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Great, great feature, and a perfect example of interjecting "I" into a story

Discussion in 'Journalism topics only' started by GBNF, Dec 30, 2007.

  1. GBNF

    GBNF Active Member

    Take a look:

    He barely talks to Clark, but because of his research and prior knowledge of the subject, he pulls it off...

    Belongs in BASW if ya ask me...

  2. pallister

    pallister Guest

    "facing prison time and alcoholism" -- how do you face alcoholism?
  3. JLawson

    JLawson Member

    I don't agree. This story is so long and bogged down with the author's words that I was bored. It may be good writing, but it is essential to have some quotes.
  4. fishwrapper

    fishwrapper Active Member

    Yeah. I struggled with it a bit, too.
    It's not that I felt it lacked anything. It just felt I was reading in a Lunesta fog not sure of direction, motive or point. I suppose if I had a connection to Keon Clark, that may help. But, being neither from Las Vegas, Danville or interested in a fringe NBA player may of lost me from the genesis. The piece could have used some serious tightening.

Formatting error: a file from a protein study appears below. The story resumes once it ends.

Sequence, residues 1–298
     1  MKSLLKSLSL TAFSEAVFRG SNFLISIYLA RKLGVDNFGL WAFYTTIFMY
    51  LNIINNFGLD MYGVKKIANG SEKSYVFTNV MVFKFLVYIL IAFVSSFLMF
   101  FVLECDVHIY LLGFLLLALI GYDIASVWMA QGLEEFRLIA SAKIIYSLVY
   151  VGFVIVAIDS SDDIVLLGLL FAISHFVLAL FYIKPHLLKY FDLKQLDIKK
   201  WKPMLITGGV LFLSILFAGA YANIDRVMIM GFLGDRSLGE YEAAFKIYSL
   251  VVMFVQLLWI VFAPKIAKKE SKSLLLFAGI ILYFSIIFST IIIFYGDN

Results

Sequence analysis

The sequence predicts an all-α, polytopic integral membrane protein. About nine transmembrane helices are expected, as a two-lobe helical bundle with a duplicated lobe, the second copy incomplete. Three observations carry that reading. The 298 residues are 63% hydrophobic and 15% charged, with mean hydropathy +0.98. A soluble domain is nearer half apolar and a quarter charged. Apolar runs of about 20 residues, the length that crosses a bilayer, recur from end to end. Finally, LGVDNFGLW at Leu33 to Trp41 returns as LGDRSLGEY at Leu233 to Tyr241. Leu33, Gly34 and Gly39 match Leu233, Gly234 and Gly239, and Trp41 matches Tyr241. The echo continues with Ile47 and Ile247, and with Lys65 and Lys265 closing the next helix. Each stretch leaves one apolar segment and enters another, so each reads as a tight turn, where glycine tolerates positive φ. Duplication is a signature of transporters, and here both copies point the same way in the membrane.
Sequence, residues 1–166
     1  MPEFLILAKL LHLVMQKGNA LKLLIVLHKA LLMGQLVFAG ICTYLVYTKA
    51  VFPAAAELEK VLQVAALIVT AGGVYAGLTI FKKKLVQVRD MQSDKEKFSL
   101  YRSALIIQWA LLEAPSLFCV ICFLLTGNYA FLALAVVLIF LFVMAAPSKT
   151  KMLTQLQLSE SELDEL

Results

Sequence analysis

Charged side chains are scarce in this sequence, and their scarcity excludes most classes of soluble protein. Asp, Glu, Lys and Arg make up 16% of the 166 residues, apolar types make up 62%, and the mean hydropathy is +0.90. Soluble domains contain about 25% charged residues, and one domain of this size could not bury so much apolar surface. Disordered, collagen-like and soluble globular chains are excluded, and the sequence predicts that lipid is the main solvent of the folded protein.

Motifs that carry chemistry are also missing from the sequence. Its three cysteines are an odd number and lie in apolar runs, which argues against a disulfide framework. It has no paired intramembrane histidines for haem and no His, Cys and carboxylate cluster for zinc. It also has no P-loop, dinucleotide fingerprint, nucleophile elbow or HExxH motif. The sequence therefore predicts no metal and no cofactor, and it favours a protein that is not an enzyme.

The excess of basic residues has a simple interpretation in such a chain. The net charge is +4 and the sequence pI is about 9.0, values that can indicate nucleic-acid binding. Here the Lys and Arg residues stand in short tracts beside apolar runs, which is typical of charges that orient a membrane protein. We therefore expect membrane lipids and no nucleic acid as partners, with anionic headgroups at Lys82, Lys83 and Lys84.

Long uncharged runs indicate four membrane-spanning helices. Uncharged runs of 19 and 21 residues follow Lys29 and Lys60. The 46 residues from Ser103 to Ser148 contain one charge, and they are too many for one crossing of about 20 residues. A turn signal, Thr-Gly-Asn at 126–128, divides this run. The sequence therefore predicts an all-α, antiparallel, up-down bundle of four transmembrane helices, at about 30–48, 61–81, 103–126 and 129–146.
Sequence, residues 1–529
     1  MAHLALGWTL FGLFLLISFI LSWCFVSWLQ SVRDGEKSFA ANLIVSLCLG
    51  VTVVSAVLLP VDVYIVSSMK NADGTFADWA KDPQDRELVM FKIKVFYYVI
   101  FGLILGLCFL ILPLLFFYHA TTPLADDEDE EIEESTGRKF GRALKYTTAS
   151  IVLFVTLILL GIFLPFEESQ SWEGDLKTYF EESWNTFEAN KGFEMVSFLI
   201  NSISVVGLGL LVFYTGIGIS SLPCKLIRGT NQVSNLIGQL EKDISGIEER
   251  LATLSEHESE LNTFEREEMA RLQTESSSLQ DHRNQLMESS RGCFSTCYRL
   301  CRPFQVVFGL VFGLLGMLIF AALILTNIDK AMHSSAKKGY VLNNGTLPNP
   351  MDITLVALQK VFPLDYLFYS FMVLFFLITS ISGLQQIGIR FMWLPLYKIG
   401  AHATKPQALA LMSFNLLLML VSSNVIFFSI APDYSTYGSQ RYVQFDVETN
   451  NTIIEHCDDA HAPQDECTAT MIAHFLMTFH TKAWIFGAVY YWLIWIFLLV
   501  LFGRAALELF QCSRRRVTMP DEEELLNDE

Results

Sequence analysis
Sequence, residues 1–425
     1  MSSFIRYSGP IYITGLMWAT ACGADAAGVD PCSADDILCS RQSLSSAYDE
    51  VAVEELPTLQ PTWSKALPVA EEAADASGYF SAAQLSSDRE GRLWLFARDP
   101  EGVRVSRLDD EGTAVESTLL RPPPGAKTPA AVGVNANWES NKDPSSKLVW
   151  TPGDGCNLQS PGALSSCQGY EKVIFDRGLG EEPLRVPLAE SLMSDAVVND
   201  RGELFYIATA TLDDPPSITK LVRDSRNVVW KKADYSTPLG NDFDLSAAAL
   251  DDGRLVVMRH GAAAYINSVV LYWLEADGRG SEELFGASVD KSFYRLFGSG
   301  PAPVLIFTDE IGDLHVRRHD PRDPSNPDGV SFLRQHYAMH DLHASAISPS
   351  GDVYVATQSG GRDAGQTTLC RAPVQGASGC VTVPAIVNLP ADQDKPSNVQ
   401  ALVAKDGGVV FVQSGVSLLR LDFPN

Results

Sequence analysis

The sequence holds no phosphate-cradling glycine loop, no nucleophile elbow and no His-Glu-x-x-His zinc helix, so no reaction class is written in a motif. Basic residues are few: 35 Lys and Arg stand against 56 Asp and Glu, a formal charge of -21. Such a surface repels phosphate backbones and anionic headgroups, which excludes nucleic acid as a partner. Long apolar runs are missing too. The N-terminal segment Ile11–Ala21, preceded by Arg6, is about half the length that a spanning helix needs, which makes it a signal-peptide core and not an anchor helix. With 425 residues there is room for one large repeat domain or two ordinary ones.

5. GBNF

    GBNF Active Member

    This is interesting. I have no ties, either, but I found the story compelling.

    That brings me to another point: Is great writing subjective?

    I've forwarded my dad — an avid reader, btw — a Posnanski feature that I thought was awesome and he hated it. He wasnt a huge fan of the Pete Carroll Moehringer piece, either.

  6. Norman Stansfield

    Norman Stansfield Active Member

    I read it all the way through and thought it was decent, but that's because I followed Clark at UNLV and always thought he could've/should've been better than he was.

    That being said, it was a tad long and overwritten, and I didn't like how he tied his alcoholism into things toward the end, when he was talking to Bayno.

    But overall, a real solid piece, IMO.
  7. GBNF

    GBNF Active Member

    Norman, just wondering, but what's overwritten IYO?

    I'm having a hard time myself with staying away from overwriting, so I always try to stop it...
  8. Norman Stansfield

    Norman Stansfield Active Member

    I glossed over some of the background stuff when he was in Danville.

    Setting the scene is important, of course, but I think he just took it a bit too far.
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